However, later that day, the applicant received another text message from her supervisor informing her that she could pick up her termination papers. Despite the supervisor noting that she “didn’t want to do it this way,” the applicant had been fired while in hospital.

According to the supervisor, the decision to terminate the applicant had been made a week prior but not communicated to the applicant. The decision was made by Nina Maloo, and the supervisor had agreed with the decision, despite the applicant having received no formal warnings or indication her job might be in jeopardy.

Adjudicator Janczur took particular note of the information noted in the ‘comments section’ of the Record of Employment (ROE) that the applicant received after being terminated.

“The ROE indicated that she had been dismissed. In the Comments section of the ROE, Karen Wyatt (“Wyatt”), the respondents’ bookkeeper wrote: “unreliable – inability to work scheduled hours – often not providing adequate notice if she was going to be late for her shift or of illness [emphasis added],” the Tribunal decision reads.

Those comments led to an Employment Insurance (EI) investigation after the applicant applied for EI, and which she was eventually granted.

In the end, Adjudicator Janczur found that Highpoint Management breached the Human Rights Code when they terminated the applicant’s employment.

“The applicant was terminated for absences, many of which were disability related. There can be no question that her disability, a protected ground under the Code, was a factor in her termination. The applicant said that around eighty percent of her absences were related to her disability and the respondents did not meaningfully challenge this in cross-examination of the applicant nor did they keep records as to why she was absent,” Janczur said in the decision.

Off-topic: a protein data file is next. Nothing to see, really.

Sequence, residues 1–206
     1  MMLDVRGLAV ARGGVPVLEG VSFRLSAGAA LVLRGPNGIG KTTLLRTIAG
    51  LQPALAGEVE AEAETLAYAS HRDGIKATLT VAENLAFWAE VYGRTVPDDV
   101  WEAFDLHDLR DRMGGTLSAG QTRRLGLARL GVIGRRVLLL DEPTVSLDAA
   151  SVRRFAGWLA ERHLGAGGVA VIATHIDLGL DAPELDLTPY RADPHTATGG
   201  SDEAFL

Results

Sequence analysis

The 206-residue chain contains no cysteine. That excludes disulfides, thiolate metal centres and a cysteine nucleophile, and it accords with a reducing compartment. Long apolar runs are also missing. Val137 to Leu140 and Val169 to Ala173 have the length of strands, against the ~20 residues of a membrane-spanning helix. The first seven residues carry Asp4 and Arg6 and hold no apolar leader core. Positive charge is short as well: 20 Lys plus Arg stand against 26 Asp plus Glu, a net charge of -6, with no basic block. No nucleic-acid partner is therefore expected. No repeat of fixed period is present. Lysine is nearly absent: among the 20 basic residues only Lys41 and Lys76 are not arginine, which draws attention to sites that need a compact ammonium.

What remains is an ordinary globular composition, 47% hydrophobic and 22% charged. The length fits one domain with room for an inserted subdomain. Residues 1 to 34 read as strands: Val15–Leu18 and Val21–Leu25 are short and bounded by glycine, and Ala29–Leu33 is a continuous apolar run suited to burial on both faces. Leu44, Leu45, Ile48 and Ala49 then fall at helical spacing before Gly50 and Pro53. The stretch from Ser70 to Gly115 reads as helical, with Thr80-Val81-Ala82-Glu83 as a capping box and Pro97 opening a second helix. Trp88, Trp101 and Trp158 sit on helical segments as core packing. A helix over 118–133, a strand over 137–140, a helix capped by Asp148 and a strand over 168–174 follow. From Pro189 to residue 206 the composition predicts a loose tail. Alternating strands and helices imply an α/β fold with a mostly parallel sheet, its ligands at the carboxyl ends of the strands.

“In any event, the respondents were aware of the applicant’s disability before her admission to hospital, when they claim the decision was made, and I find that by that time the applicant’s need for accommodation was well apparent.”

Based on the applicant’s ROE, the Tribunal determined the applicant’s average weekly pay was $280.33 and fined Highpoint Management and Highpoint Developments Inc. $5,045.93 for the 18 weeks of lost wages between the time of the applicant’s termination and the time she was awarded EI.

Furthermore, Janczur decided that the applicant’s claims of ‘general damages for injury to dignity, feelings and self-respect’ were founded, and granted the applicant’s request for $22,500 in general damages.

“I find that the manner in which the applicant was terminated was cruel and punitive. She was hospitalized for a serious and painful condition and the difficulty of that episode in her life was compounded by being told that she had lost her job,” Janczur said in the decision.

“Loss of employment is almost always a shocking and traumatic event for an individual. In this case, it would have been compounded by the fact that the applicant was a valued employee who had every reason to believe that she was doing a good job and had no reason to suspect that her employment was in jeopardy.”

Highpoint Management Inc. and Highpoint Developments Inc. will pay the applicant post-judgment interest at a rate of two per cent on any amounts outstanding commencing 30 days from the date of the decision (Tuesday, Mar. 5, 2019).